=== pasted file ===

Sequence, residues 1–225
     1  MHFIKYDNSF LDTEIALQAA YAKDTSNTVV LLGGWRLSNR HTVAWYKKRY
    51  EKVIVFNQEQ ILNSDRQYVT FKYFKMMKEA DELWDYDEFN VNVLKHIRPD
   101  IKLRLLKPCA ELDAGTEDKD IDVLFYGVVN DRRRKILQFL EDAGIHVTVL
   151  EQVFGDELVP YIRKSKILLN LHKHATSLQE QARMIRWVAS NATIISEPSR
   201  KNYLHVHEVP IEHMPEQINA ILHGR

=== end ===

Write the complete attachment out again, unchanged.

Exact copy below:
Sequence, residues 1–225
     1  MHFIKYDNSF LDTEIALQAA YAKDTSNTVV LLGGWRLSNR HTVAWYKKRY
    51  EKVIVFNQEQ ILNSDRQYVT FKYFKMMKEA DELWDYDEFN VNVLKHIRPD
   101  IKLRLLKPCA ELDAGTEDKD IDVLFYGVVN DRRRKILQFL EDAGIHVTVL
   151  EQVFGDELVP YIRKSKILLN LHKHATSLQE QARMIRWVAS NATIISEPSR
   201  KNYLHVHEVP IEHMPEQINA ILHGR